Friday, August 27, 2010
Today, I read a fun article by the Harvard Business Review on salespeople's seven deadly sins.
Although they listed chattering as the least deadly of the sins, I find it to be one of the most overlooked qualities of salespeople. Amateur salespeople are naturally very nervous to get on the phone. As a result they’ve probably scripted a pitch, or have been given a scripted pitch. A good salesperson might use this pitch for their first call or two, a bad one will use it throughout their entire career. The problem with the scripted pitch is it doesn’t leave much room for interruption. Bad salespeople assume this is a good thing- that the longer they have to talk at the customer, the better. But customers don’t want to be spoken at they want to be dialogued with. Even if you’ve interrupted someone’s day, they will appreciate the call if they hang up having gotten something out of it. Asking customers how they would like to see their plans, services, or businesses improved and then finding a way to deliver them that result should be the objective of all sales calls.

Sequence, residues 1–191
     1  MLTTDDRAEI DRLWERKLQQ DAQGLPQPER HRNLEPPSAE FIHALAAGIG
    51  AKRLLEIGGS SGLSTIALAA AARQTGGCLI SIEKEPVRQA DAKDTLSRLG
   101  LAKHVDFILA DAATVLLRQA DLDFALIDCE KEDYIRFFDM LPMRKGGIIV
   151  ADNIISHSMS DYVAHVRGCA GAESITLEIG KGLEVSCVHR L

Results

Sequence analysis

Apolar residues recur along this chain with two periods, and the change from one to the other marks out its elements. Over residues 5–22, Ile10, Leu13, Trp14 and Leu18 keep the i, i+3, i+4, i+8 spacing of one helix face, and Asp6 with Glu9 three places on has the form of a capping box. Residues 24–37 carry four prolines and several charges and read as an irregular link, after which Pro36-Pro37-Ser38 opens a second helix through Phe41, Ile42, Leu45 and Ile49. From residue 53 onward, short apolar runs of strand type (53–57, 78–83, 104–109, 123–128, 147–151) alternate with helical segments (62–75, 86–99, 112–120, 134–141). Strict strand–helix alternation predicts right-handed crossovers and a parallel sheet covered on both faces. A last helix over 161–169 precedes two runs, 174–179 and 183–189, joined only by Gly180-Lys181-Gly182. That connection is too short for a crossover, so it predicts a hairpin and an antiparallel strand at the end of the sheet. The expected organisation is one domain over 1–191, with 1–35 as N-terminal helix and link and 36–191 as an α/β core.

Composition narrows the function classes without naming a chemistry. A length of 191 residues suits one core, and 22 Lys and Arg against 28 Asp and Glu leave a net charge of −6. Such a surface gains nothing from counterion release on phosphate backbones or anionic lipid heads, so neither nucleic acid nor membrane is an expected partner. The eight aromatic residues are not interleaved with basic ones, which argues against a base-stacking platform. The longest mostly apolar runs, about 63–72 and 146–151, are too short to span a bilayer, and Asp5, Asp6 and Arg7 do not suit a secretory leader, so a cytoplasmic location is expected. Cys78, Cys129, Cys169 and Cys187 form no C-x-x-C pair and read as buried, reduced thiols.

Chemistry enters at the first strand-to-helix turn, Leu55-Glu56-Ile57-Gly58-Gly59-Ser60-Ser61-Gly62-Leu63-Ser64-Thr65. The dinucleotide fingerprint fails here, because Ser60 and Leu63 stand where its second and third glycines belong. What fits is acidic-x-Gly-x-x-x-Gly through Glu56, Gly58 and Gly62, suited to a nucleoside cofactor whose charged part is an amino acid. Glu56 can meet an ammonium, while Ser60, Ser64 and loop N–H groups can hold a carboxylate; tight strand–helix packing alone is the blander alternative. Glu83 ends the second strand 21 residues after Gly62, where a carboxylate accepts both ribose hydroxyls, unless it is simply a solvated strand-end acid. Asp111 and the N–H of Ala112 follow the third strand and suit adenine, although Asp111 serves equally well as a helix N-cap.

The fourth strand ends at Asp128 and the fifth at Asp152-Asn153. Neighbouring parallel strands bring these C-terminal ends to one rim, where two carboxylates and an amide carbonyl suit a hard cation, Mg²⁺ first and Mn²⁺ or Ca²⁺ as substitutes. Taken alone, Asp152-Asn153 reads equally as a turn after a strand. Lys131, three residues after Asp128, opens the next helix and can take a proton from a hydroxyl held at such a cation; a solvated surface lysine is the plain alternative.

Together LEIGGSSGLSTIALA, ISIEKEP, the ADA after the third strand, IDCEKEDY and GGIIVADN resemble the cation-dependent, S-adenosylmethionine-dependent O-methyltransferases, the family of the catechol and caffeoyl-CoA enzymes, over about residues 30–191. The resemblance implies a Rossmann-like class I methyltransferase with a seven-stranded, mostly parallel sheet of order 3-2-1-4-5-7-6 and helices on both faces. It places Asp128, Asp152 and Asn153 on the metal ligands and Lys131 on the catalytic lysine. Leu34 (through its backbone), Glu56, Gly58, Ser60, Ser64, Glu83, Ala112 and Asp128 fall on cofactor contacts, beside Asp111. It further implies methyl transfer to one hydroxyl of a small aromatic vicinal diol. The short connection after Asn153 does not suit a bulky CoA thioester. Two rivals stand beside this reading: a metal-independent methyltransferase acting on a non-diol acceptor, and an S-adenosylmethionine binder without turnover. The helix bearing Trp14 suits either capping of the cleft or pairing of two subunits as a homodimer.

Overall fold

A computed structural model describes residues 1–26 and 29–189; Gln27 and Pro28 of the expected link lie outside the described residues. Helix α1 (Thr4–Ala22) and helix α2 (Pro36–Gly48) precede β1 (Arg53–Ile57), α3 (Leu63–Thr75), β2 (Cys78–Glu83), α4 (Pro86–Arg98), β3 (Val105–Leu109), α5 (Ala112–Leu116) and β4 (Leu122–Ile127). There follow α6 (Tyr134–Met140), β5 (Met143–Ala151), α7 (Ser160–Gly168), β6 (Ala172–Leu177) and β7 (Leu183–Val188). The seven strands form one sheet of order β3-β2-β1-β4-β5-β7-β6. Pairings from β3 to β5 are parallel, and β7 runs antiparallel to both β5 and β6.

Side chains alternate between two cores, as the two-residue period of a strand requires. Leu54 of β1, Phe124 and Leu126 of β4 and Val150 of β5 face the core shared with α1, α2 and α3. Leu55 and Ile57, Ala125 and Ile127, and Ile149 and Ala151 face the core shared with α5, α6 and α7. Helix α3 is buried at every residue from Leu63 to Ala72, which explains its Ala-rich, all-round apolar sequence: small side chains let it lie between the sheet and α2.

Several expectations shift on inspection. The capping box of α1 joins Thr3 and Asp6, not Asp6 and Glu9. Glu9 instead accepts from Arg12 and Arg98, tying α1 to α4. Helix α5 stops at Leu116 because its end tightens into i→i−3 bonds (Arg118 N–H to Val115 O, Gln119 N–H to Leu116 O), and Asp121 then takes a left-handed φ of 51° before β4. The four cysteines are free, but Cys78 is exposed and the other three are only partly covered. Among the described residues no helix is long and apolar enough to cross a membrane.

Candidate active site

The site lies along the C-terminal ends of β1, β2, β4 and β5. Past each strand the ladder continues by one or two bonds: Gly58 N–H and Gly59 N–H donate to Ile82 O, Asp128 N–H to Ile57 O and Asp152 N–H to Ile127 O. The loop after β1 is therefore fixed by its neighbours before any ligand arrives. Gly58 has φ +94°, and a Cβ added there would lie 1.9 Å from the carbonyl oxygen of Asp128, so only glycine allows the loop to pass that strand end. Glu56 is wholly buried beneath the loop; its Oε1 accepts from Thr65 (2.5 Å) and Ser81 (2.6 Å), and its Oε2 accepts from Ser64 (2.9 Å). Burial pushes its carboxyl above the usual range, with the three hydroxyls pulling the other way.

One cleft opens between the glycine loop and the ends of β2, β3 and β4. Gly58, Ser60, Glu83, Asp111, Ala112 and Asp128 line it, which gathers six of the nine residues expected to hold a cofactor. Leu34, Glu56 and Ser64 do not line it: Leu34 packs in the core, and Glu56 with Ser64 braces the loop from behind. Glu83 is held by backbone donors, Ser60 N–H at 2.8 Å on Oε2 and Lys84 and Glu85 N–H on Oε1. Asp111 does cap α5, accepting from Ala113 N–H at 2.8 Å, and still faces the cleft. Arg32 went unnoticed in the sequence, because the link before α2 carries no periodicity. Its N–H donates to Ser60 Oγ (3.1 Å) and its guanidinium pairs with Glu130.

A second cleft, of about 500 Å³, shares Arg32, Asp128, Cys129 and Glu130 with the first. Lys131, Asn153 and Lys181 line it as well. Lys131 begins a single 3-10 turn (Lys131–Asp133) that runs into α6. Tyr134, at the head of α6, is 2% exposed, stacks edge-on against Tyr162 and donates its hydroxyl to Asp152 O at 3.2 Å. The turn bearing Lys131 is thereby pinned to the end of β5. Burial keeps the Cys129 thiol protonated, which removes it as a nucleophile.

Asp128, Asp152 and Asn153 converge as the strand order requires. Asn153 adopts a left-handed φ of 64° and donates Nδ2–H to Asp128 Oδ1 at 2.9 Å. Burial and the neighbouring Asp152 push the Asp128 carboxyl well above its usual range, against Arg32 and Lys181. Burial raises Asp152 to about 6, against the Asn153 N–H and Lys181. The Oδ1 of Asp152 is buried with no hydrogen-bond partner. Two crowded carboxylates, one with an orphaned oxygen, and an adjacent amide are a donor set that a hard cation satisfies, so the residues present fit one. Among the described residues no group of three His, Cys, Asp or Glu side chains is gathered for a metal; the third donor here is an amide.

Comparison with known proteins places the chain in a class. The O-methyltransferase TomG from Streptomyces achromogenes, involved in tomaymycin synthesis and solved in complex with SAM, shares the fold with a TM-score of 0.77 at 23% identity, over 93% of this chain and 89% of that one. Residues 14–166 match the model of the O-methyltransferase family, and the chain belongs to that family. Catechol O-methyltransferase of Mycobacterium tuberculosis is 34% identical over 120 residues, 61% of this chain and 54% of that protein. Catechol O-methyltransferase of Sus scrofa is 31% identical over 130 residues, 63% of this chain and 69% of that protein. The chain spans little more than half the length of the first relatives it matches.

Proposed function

Delivering this same service online is much trickier, as you’re speaking to a much wider audience with a vast array of unique problems. It’s nearly impossible to avoid assumptions about your customers when developing a website. Presumptuousness was listed as the second deadliest sin by HBR. They write, “assuming information you really don’t know is one of the worst sins for a salesperson.” The solution: get to know the information. The rule of talking with your customer and not at them still applies to selling online. Your research should fill in their end of the conversation. What are their biggest concerns/setbacks (ALL of them)? Respond with your solutions. But your solutions can’t solve every customer’s problem, and they’ll wonder how it pertains to them specifically. That’s when you list every possible problem they might have and a specific solution for each.
Online sales require a whole other set of techniques. You have a few words to get it right, or the back button is going to get clicked.